This is an interesting decision concerning the power of the Court to determine whether a party to proceedings should have a say in the appointment of a representative on behalf of an opposing party who did not have capacity to represent herself.
The case concerns the Estate of Cecil Parkinson, former Chairman of the Conservative Party who had a child with his mistress, Sarah Keays. The child, Flora, has moderately severe mental and physical disabilities. Although the proceeds of a substantial life policy was left to her albeit as yet unpaid, no provision was made for Flora her under her father’s Will. Therefore Flora via Sarah Keays as her litigation friend, commenced a claim for reasonable financial provision under the Inheritance (Provision for Family and Dependants) Act 1975.
An application was later made on behalf of the Executors of the Estate (who are the first named defendants to the claim) to remove Sarah Keays as litigation friend. Citing a history of her highly litigious conduct and bizarre perception of Mr Parkinson’s family, the Executors sought to argue she could not fairly and competently conduct proceedings on behalf of Flora or that she had an interest adverse to Flora. Sarah Keays could not afford a solicitor to act on her behalf but had instructed a barrister from time to time under the direct access scheme.
There was no evidence that Sarah Keays was not a suitable litigation friend. And whilst Sarah Keays did not object to the appointment of a solicitor to act for her after the Estate agreed to fund legal representation for Flora, there was also a dispute over who the replacement should be. Sarah Keays’ first choice was an experienced contentious probate solicitor who had conducted many 1975 Act claims. The Court took the opportunity to state that a litigation friend typically had extensive dealings with the parent or person responsible for the child or protected party. Therefore, the Court should be reluctant to impose a litigation friend on the parent and would only do so if there was no other viable candidate. That was not the position in this case and Sarah Keays should remain entitled to appoint the solicitor of her own choice. The criticism of the solicitor chosen by Sarah Keays was also not made out.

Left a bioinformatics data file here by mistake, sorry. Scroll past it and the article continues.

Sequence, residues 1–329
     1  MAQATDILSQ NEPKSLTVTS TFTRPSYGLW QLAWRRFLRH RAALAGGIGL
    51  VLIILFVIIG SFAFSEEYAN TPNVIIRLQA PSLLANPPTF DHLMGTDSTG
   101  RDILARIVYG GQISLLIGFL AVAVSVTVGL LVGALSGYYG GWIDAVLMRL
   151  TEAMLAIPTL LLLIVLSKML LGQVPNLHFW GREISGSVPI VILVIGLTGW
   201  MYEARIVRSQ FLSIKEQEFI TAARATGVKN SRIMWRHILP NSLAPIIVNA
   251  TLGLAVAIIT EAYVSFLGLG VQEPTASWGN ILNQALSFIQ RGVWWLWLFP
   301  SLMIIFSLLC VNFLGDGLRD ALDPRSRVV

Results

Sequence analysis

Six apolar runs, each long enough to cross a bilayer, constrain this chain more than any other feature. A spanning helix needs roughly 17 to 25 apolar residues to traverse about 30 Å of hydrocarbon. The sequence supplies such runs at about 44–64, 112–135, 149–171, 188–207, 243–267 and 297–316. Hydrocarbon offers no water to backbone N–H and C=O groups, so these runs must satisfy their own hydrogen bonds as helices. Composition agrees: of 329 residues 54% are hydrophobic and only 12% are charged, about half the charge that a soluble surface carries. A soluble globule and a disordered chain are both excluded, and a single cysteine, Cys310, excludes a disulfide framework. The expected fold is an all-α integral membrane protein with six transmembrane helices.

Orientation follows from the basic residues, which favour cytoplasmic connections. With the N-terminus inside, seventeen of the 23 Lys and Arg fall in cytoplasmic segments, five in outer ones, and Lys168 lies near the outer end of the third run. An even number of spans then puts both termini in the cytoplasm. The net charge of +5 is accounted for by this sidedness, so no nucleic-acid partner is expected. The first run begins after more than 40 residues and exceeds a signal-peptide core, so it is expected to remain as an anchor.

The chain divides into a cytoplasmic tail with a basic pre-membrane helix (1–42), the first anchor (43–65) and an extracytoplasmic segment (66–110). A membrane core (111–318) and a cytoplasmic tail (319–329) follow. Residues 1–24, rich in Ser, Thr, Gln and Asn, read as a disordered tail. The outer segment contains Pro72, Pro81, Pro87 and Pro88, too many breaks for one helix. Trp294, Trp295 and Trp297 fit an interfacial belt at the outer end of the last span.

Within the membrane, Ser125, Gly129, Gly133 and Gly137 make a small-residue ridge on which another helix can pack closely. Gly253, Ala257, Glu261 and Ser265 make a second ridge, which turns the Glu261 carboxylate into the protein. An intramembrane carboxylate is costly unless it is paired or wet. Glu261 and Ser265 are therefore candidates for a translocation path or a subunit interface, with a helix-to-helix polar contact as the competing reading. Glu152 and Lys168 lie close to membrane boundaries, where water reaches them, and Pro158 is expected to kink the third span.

Finally, the Court stated its view that the Executors had not taken a neutral position by their conduct as they are required to do so. It stated the Executors had actively defended the claim to the point it had made this application to determine who should be the litigation friend. Although the Executors stated their position was supported by the beneficiaries, this was not desirable because costs attributable to the Executors' neutral role in the claim ought to be clearly distinguishable from costs incurred in opposing the claim. It is a timely reminder that Executors must act neutrally in 1975 Act claims at all times.
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